keyboard Kultist

08 Sep 2019, 22:02

vometia wrote:
08 Sep 2019, 21:01
I can only speak of my experiences in the UK but incoming parcels will usually be held hostage until relevant import duties, local taxes and "handling fees" are paid. The exact mechanism depends on the courier who does the last leg, which is whoever the originating shipping company has a contract to deal with (usually not especially obvious). They'll generally negotiate the parcel through customs paying the duty on your behalf and will then contact you to pay them before they deliver it. They can be variously slow about doing so.

But that's how it is in the UK. The US may be entirely different... From what I've heard, UK customs tend to be more pedantic than most.
Thanks Vometia, the US postal service has a (somewhat deserved) reputation for being slow and inefficient, though I've had a lot of things delivered by them with no problems. Of course there's always fedex.

User avatar
dcopellino

08 Sep 2019, 22:08

But that's how it is in the UK. The US may be entirely different... From what I've heard, UK customs tend to be more pedantic than most.
Pedantic is an euphemism if you consider my experience with UK customs. When I was contacted by uk cc dpd collect courier for paying an item coming from Shenzhen they requested me an additional fee of 20.70£ to route it to Italy as final destination. so far it could seem normal but... their website was buggy and it didn't properly precess PayPal payment, so I was forced to make an international bank transfer in a different currency for an extra amount of about 25£. (20.70+25)£ for an item declared as much as 45£. Are they crazy? Regrexit? I don't think so. Rather #crazexit!!

User avatar
vometia
irritant

09 Sep 2019, 05:25

Wazrach wrote:
08 Sep 2019, 21:10
Fedex handled my Unicomp Ultra Classic order last year, only sending me the import charges three weeks after I received it. Parcelforce are twats. They will hold your parcel and expect you to pay the ransom before you get it. It would be more expensive to travel to the depot and refuse the "handling fees" than it would be to just pay the whole lot. -.-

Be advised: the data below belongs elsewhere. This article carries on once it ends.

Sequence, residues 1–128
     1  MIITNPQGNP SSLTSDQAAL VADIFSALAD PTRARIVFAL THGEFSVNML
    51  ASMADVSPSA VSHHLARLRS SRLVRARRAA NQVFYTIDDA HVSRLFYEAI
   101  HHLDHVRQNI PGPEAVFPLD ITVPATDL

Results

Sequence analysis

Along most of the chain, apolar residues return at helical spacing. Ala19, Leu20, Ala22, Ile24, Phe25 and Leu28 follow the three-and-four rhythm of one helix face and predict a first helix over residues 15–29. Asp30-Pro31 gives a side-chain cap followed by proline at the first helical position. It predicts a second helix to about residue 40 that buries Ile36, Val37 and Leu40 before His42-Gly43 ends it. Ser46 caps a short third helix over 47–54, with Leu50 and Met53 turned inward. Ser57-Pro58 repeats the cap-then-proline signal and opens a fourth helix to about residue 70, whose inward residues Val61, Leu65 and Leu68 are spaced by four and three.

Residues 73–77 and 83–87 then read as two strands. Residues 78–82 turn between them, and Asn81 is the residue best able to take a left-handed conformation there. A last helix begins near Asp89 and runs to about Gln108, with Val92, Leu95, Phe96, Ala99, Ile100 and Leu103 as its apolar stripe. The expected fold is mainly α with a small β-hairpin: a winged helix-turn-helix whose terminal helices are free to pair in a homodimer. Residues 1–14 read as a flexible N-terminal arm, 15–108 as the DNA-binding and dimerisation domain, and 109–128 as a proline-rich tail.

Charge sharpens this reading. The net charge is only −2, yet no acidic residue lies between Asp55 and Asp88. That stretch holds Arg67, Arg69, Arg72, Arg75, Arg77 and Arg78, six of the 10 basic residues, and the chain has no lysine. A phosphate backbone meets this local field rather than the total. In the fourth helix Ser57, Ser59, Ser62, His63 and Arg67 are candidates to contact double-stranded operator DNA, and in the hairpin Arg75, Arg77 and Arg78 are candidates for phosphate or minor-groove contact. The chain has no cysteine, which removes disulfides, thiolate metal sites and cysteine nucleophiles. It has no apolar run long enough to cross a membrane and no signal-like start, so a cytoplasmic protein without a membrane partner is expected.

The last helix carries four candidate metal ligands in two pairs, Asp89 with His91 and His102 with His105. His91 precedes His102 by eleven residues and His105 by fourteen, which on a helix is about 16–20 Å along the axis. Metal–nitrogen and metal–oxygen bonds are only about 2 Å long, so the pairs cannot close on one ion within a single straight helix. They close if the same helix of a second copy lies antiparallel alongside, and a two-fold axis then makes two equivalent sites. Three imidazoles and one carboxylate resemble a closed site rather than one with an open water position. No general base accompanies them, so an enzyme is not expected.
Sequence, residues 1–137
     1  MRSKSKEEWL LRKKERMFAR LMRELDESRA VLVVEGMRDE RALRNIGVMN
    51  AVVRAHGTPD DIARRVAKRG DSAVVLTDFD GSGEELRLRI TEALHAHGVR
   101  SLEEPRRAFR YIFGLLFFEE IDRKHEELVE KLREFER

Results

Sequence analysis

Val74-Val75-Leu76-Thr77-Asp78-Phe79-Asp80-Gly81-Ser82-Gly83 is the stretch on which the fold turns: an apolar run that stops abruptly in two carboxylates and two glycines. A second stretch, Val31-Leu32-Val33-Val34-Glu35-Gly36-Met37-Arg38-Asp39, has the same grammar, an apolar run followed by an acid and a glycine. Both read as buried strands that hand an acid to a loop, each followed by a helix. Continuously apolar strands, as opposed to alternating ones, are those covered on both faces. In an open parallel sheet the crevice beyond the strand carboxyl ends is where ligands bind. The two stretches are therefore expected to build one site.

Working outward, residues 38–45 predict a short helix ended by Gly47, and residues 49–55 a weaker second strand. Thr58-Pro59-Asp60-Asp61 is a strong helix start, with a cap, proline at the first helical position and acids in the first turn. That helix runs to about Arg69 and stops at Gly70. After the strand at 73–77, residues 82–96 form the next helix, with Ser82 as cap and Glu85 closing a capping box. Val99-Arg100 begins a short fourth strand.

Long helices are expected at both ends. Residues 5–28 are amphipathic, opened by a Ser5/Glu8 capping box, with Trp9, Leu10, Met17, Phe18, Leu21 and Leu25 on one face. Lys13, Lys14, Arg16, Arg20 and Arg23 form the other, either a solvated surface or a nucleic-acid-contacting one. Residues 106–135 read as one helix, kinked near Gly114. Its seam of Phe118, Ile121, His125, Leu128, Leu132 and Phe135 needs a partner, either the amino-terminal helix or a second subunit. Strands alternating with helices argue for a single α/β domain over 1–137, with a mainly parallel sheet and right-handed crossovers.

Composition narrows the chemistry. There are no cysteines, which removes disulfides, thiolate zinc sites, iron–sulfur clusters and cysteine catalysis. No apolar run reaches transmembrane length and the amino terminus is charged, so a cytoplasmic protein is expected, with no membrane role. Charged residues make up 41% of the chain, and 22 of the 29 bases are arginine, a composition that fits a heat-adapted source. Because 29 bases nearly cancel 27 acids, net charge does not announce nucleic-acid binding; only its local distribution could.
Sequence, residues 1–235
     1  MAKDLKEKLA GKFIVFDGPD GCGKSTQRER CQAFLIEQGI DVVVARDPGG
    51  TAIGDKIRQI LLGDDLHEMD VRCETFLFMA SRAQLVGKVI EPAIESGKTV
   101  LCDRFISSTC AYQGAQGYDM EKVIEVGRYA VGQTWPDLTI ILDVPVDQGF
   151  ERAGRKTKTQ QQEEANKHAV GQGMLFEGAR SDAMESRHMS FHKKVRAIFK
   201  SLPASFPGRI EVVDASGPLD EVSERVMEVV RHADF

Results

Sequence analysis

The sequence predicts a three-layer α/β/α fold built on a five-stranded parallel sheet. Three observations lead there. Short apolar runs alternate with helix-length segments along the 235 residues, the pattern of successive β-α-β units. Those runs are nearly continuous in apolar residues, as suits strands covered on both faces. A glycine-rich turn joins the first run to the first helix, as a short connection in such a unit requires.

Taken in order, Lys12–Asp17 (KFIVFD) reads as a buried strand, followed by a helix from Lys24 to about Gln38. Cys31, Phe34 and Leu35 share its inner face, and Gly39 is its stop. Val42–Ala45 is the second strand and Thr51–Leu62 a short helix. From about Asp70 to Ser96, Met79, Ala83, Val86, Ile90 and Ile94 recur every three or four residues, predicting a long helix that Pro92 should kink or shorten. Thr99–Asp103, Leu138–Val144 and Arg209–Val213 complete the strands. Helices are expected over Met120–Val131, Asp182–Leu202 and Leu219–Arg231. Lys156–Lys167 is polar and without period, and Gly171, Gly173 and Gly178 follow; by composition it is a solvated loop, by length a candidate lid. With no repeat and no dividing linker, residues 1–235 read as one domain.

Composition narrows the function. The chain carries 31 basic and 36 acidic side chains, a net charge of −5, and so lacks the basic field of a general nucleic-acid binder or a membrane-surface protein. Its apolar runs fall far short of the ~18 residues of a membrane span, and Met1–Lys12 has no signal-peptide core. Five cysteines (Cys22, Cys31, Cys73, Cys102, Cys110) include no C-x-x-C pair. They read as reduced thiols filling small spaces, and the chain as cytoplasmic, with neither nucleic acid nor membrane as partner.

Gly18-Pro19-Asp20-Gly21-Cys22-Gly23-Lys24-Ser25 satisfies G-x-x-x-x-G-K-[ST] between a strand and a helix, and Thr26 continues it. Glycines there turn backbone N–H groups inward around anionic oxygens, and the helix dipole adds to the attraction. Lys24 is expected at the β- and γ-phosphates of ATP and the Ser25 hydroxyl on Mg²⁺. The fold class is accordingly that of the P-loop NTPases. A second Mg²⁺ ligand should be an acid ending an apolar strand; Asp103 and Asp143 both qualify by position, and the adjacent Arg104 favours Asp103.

The handling fees are a special annoyance of their own considering they're just the cost of doing business for postage that has already been paid for. I've seen people justify them on the basis of "you could do it yourself, it would be so much work!" And yes, I'm sure it would, just like it would be so much work for me to pay my own VAT, but fortunately the woman at the local shop does it for me and doesn't charge me a VAT processing fee and make me wait until the end of the week before she'll hand over my stuff! I understand the relevant HMRC and PF people are in the same building and that ~£13 pays for probably about 30 seconds of some minimum wager's efforts. Which they don't always get right, but good luck trying to get them to review it...
dcopellino wrote:
08 Sep 2019, 22:08
Pedantic is an euphemism if you consider my experience with UK customs. When I was contacted by uk cc dpd collect courier for paying an item coming from Shenzhen they requested me an additional fee of 20.70£ to route it to Italy as final destination. so far it could seem normal but... their website was buggy and it didn't properly precess PayPal payment, so I was forced to make an international bank transfer in a different currency for an extra amount of about 25£. (20.70+25)£ for an item declared as much as 45£. Are they crazy? Regrexit? I don't think so. Rather #crazexit!!
"Pedantic" on the basis that it seems that most low-value stuff is intercepted to see if they can apply charges; AFAICT most countries have much higher limits (in the UK it was recently reduced to just £15, which includes postage) and charges aren't so widely imposed for low-value stuff as it's a waste of everyone's time.

But that is quite the experience you had there. I would be ranting about that for years. I especially hate arbitrary bank charges like that...

User avatar
XMIT
[ XMIT ]

09 Sep 2019, 22:37

No import taxes for keyboards from Europe to the US. No VAT, no customs fee, none of this. Have the sender complete the customs declaration as they would anyway.

Source: multiple keyboards received from Russia, Ukraine, France, Germany, the UK.

keyboard Kultist

10 Sep 2019, 02:15

XMIT wrote:
09 Sep 2019, 22:37
No import taxes for keyboards from Europe to the US. No VAT, no customs fee, none of this. Have the sender complete the customs declaration as they would anyway.

Source: multiple keyboards received from Russia, Ukraine, France, Germany, the UK.
Thanks XMIT. BTW, I love those Hall effect switchs :-)